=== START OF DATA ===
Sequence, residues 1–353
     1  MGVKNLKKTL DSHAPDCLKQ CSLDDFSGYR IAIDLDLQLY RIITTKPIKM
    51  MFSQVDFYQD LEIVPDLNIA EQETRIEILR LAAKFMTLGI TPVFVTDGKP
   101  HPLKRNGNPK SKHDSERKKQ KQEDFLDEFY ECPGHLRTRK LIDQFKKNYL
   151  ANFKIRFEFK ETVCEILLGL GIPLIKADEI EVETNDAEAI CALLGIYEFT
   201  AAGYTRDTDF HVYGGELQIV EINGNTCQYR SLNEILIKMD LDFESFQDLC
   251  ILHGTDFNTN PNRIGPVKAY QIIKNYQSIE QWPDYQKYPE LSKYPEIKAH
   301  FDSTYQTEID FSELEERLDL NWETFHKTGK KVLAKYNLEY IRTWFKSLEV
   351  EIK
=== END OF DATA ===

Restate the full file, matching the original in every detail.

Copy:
Sequence, residues 1–353
     1  MGVKNLKKTL DSHAPDCLKQ CSLDDFSGYR IAIDLDLQLY RIITTKPIKM
    51  MFSQVDFYQD LEIVPDLNIA EQETRIEILR LAAKFMTLGI TPVFVTDGKP
   101  HPLKRNGNPK SKHDSERKKQ KQEDFLDEFY ECPGHLRTRK LIDQFKKNYL
   151  ANFKIRFEFK ETVCEILLGL GIPLIKADEI EVETNDAEAI CALLGIYEFT
   201  AAGYTRDTDF HVYGGELQIV EINGNTCQYR SLNEILIKMD LDFESFQDLC
   251  ILHGTDFNTN PNRIGPVKAY QIIKNYQSIE QWPDYQKYPE LSKYPEIKAH
   301  FDSTYQTEID FSELEERLDL NWETFHKTGK KVLAKYNLEY IRTWFKSLEV
   351  EIK